• System developed by US Navy to track submarines.
  • Produces very loud sounds- 235 dB.
    • Can injure, deafen and even kill cetaceans and other marine life.
  • Disturbs whale communication and navigation- interferes with acoustic signals.
general impacts
General impacts
  • Destruction of human habitat.
  • Destruction of agricultural land and vegetation.
  • Adverse effects on wildlife.
  • Possible elimination of species.
  • Cratering of land.
  • Disruption of entire ecosystems.
  • Can persist for decades.

Arthur H. Westing, 1970

Mangrove forest destroyed by bombs

explosives and herbicides
Explosives and herbicides
  • 14 million tons of high explosives used.
    • 20 million bomb craters covering 200,000 acres.
    • Craters create breeding grounds for malaria-carrying mosquitoes.
  • 72 million litres of herbicides sprayed over 35% of South Vietnam.
    • Agent Orange- 61% of herbicide volume.
  • Widespread debilitation of land.
  • Decimation of terrestrial wildlife.
  • Losses of freshwater fish.
  • Elevated levels of dioxin in soil, food, wildlife and human breast milk and adipose tissue.


Agent Orange in Vietnam

Agent Orange Files


…and after

Agent Orange Files

Arthur H. Westing, 1971

persian gulf
Persian Gulf

McCurry, 1991

oil fires and spills
Oil fires and spills
  • February 1991- 752 oil well fires ignited in Kuwait.
  • 35-150 million barrels spilled over 60% of Kuwait’s surface.
  • 4 oil spills into the northern Gulf Sea.
    • 4 million barrels of oil spilled.
    • 500 km coastline and hundreds of km2 of water covered.
air pollution
Air pollution
  • Fumes from >1 million barrels.
  • 10X more air pollution than all US industrial/power plants.
  • SOx and NOx - created acid rain.
  • Toxic particulates- adverse effects on crops and livestock.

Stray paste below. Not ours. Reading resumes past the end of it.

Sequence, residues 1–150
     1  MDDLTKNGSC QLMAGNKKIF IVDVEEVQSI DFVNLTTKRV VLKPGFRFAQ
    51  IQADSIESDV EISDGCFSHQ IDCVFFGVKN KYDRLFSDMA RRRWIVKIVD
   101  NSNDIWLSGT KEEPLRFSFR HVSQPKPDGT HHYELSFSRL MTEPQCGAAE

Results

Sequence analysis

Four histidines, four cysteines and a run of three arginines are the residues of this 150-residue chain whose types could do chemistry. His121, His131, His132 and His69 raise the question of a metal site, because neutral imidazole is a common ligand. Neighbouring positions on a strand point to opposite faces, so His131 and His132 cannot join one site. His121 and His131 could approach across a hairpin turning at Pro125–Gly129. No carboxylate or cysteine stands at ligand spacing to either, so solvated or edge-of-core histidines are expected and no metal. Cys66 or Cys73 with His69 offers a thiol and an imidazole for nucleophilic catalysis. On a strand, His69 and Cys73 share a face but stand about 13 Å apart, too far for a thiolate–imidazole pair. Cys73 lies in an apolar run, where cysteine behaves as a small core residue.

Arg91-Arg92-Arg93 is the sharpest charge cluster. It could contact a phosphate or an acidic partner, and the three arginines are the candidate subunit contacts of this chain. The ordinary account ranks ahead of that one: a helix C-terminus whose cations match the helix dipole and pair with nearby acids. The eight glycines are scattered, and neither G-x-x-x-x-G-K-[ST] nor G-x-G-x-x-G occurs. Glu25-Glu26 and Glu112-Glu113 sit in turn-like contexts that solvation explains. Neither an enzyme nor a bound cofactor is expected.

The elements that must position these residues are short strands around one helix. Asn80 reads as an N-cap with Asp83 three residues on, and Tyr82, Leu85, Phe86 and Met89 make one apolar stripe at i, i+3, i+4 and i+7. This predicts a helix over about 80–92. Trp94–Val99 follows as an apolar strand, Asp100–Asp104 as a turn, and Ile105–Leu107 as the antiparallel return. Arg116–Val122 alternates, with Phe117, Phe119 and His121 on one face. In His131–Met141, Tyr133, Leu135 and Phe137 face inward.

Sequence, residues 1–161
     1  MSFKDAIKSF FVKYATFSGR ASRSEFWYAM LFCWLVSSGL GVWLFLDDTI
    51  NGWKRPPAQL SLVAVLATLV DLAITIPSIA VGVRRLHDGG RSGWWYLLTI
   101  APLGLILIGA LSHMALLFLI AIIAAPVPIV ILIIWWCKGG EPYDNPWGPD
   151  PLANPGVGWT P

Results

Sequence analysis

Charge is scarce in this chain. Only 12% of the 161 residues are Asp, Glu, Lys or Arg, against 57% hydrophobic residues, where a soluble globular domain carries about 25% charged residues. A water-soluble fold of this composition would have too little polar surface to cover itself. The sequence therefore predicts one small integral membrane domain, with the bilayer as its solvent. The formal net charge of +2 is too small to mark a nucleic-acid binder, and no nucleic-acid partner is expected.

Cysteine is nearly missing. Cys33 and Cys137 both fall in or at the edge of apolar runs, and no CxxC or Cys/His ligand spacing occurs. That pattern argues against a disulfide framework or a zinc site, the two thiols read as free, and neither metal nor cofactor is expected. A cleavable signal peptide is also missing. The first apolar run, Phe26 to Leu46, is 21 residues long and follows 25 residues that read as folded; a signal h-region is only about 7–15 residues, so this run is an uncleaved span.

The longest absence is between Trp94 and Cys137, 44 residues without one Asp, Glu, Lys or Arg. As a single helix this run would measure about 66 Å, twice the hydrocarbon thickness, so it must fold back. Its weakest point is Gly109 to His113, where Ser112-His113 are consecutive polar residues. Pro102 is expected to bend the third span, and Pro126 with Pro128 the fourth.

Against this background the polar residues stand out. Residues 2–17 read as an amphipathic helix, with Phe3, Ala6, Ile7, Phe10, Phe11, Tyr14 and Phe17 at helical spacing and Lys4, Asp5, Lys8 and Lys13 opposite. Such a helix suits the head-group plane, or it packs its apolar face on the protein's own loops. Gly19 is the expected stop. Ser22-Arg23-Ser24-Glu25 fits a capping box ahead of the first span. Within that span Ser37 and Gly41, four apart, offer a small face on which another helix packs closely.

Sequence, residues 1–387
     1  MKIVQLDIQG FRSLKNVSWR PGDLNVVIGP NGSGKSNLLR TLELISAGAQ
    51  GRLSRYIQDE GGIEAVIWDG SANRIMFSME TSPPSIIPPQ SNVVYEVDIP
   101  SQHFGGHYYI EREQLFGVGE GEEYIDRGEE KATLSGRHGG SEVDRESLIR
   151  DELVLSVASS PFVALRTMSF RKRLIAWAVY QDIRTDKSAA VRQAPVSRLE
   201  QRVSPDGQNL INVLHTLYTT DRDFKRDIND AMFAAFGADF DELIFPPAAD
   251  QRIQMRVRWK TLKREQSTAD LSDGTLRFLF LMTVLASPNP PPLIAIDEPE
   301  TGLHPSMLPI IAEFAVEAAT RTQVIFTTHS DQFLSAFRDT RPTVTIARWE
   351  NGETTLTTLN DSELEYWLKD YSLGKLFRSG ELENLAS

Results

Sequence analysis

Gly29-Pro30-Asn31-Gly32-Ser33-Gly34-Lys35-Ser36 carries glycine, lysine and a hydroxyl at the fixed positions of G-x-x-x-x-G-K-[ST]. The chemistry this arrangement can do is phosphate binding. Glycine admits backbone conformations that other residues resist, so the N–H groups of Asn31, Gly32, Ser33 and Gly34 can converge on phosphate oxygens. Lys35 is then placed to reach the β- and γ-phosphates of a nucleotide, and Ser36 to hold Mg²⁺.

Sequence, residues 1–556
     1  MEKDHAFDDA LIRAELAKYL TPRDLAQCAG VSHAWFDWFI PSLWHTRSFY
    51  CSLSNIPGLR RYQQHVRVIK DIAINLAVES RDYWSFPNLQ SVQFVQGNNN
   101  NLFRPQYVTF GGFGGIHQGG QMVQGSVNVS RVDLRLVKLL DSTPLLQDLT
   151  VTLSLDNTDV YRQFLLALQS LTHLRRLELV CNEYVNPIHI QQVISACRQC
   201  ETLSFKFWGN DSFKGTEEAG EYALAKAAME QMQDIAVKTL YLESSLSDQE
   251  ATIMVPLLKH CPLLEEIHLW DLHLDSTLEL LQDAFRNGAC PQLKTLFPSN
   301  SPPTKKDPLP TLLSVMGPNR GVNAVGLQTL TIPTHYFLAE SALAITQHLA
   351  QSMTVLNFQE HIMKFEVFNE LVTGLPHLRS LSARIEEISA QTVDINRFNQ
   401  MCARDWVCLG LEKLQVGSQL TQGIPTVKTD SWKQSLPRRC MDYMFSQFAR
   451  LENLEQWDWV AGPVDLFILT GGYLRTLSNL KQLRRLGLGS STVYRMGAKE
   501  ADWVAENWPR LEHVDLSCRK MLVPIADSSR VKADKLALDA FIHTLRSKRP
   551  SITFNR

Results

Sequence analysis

• Affected weather in Hawaii and Bangladesh.
  • Pools of oil continue to contaminate air, soil and groundwater.
    • 40% of Kuwait’s fresh water reserves contaminated.
    • 50 million m3 of soil contaminated.
  • Depleted uranium will pollute Iraq for many years.
  • Environmental damage estimated at over 40 billion dollars.
  • Contamination of terrestrial ecosystems reached a scale unprecedented in the history of the planet.
water contamination

petroleum products


ethylene dichloride

hydrogen chloride

hydrogen fluoride,

nitrous acid

sulphuric acid

heavy metals


Water contamination
  • Surface water contamination from damaged industrial plants and poorly planned refugee camps.
air pollution1
depleted uranium

chlorine oxides

vinyl chloride monomers (10,600X permitted levels)




hydrofluoric acid

heavy metals

fine particulates

Air pollution
  • Air pollution and acid rains resulting from damage to industrial facilities.
other impacts
Other impacts
  • Degraded agricultural land.
  • Disturbance of wildlife in habitats and migration routes.
  • Many protected areas directly impacted by conflict and/or damaged by refugee camps.
  • Environment has low priority in reconstruction processes.

BBC, 2001

BBC, 2001

  • Bombing is destroying already severely depleted forests.
  • Refugee crisis causing irreversible damage.
  • Contamination from weapons.
    • Depleted uranium, cyclonite and rocket propellants containing perchlorates.
wildlife impacts
Wildlife impacts
  • Rugged mountain habitat being destroyed, threatening large mammals.
  • Increased poaching- pressure on rare species.
  • Migratory bird routes disturbed.
    • Siberian crane migration has dropped 85%.
refugee impact
Refugee impact
  • Global estimates: 17 million refugees and 25 million internally displaced persons.
  • Inadequate infrastructure and resources in receiving territories.
    • Exacerbate existing environmental problems.
    • Accelerate soil degradation and desertification.
    • Cause deforestation, waste accumulation and water contamination.
environmental protection
Environmental protection
  • Bern Protocols I and II of 1977
  • Haven’t received widespread formal acceptance.
  • Need a multilateral treaty committing nations to ensure that their activities do not damage the environment.
some good news
Some good news
  • Public pressure is beginning to change military attitude towards environment.
  • Military facilities and operations now face stricter legislation.
“A world that wants to make peace with the environment cannot continue to fight wars or to sacrifice human health and earth’s ecosystems preparing for them.”

Michael Renner